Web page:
Could I ever tire of this view? I’d like to try. My second dip in the Ganga was in front of the amazing abandoned building on the right. Hotel? Ashram? I’m not sure.

From the moment I arrived in Rishikesh I had the strongest feeling of being, if not home, certainly somewhere that my spirit found an energetic affinity with. A deep maternal feeling rose around and through me, an all-encompassing loving welcome, as if from the very earth, the river, the mountains, the sky itself. It whispered encouragingly to me “welcome home to yourself.” It felt like the unconditional love of the divine mother.

Quickly, within hours, I was lulled into a blissful sense of being at one with myself. I happily wandered the streets, absorbing the sights and sounds, the atmosphere of constant activity and sensory engagement.

I felt good in my body, strong in my spirit. Except for lapses into fear and doubt I felt a new sense of steadfastness.

I began to notice that when I was out of integrity my energy was scatty and anxious. When I was in integrity, even to the point of following through on what I told myself I would do, like finding a yoga class, I was calm and things seemed to unfold for me. I was in the flow.

In India the difference between lovingly being in the flow and being blocked and stunted by fear became such obvious polarities. And suddenly I saw my power, it was choice. 

So far India has demanded full immersion from me. Instead of holding back from life, watching, waiting for some perfect moment or opportunity. Here I feel fully present. Every moment demands decisions from me and I can’t operate on automatic pilot. 

There’s no traffic lights so you have to pay attention, wait for the gaps and pauses, seize the opportunities. Sometimes I feel like I sleepwalk at home, red says stop, green says go. Good little automaton. If you sleepwalk here you’ll get a quick and loud wake up toot!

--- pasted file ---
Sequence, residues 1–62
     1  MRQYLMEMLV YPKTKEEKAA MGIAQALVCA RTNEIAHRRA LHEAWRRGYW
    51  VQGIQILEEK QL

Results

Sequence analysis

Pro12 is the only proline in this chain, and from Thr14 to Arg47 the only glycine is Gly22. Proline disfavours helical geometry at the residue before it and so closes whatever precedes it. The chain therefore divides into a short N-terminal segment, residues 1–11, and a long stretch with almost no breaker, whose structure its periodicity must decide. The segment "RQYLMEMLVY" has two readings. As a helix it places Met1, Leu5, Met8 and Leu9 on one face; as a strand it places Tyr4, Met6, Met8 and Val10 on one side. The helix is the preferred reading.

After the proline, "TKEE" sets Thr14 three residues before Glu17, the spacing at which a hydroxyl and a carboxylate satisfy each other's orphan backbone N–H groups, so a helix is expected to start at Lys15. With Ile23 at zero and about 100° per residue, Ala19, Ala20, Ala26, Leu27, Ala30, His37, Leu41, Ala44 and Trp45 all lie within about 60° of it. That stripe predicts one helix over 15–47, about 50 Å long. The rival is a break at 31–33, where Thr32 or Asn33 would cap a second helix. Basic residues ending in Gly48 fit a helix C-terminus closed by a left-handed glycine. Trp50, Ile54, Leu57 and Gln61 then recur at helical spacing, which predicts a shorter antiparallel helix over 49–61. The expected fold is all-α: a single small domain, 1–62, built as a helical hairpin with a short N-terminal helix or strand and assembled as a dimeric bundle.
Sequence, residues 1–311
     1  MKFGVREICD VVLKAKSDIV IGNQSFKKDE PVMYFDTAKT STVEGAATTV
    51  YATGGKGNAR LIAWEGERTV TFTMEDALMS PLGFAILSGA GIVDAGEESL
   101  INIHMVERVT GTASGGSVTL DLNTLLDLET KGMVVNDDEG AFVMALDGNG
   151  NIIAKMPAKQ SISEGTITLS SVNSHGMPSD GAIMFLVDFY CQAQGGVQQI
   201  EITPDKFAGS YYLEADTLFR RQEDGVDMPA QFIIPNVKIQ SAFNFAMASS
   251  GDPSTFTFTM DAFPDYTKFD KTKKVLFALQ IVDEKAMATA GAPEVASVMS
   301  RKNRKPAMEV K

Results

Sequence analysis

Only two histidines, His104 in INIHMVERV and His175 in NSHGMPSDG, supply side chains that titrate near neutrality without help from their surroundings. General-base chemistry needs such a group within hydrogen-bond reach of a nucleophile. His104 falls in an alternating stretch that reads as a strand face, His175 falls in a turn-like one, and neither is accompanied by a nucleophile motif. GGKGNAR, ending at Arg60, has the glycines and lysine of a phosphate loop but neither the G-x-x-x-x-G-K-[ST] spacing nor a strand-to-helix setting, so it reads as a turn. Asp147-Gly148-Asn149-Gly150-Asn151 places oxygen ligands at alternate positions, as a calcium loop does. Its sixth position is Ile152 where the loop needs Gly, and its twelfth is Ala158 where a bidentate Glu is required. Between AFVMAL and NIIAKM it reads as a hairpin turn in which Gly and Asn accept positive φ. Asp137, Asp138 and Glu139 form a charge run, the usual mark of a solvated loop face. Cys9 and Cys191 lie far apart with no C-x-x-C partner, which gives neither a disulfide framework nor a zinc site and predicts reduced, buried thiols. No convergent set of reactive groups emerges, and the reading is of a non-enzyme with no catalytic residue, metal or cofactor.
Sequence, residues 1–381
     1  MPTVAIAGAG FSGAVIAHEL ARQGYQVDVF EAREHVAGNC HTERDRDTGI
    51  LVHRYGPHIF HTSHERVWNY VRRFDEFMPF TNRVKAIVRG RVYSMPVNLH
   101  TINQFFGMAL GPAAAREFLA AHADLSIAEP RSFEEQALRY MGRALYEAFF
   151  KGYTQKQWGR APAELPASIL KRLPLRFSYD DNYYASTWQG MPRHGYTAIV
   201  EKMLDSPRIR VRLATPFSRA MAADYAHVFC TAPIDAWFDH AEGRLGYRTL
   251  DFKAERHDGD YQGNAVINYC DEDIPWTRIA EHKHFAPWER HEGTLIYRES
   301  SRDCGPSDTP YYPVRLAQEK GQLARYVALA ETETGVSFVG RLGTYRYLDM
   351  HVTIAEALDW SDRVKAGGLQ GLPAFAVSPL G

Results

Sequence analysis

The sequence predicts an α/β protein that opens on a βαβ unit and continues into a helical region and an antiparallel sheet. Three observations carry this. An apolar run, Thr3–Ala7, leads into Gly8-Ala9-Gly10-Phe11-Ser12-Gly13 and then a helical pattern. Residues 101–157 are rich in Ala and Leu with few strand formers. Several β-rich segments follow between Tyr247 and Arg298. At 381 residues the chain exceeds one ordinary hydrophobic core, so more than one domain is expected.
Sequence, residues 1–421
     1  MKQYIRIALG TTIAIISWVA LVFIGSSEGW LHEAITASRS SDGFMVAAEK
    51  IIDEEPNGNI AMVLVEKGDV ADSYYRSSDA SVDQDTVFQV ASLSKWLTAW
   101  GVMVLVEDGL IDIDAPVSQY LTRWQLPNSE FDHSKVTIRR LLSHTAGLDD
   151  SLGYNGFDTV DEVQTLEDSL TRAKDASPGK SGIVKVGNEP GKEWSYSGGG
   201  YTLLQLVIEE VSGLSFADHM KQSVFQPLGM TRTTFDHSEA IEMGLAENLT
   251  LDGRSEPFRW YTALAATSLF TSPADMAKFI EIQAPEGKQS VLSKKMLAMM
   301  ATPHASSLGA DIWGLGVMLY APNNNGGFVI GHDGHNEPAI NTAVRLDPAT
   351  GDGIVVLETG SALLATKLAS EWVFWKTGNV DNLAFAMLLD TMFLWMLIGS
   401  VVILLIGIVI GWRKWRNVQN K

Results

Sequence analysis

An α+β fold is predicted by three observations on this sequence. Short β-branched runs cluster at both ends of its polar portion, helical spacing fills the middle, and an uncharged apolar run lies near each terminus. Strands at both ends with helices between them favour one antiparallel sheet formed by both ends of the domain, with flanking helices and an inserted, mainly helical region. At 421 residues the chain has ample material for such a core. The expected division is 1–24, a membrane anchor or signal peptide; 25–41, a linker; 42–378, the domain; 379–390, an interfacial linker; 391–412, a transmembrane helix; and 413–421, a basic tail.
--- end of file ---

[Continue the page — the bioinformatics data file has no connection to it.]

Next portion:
He stood breathing, and the more he breathed the land in, the more he was filled up with all the details of the land. He was not empty. There was more than enough here to fill him. There would always be more than enough. Ray Bradbury

If only you could bottle a feeling… After my first dip in Ganga

The river Ganga is the archetype of sacred waters. Ganga is river, goddess and mother. Ganga is the mother of all. Her waters, like mothers’ milk, are said to be the drink of life itself. 

The Mahatmyas – Hindu scriptures – call the Ganga by a thousand names. She is ganga because she has ‘gone to earth’ (gamgata) from heaven. She is Mankakini, the River of Heaven, flowing through the heavens like the Milky Way. She is Vishnupadi, because she flowed forth from the foot of Vishnu. She is Bhagirathi, because the sage Bhagiratha brought her from heaven to earth. The Mahatmyas extol the benefits of bathing in these waters – purification, lifting the burden of sins, the cleansing of the heart – all are the fruits of bathing in the Ganga. 

My first immersion in Ganga was a big deal. I mean, I took it very seriously. I knew both the spiritual significance of what I was doing as well as the physical risks, having read reports of the e-coli levels and fierce currents, amongst other dangers of the river.

Hindus believe that Ganga waters will cleanse any sin. The poet Jagannatha, author of Ganga Lahari, ‘The Ganga’s Waves,’ was cleansed as he composed his ode, the waters rose to touch his feet and purify him.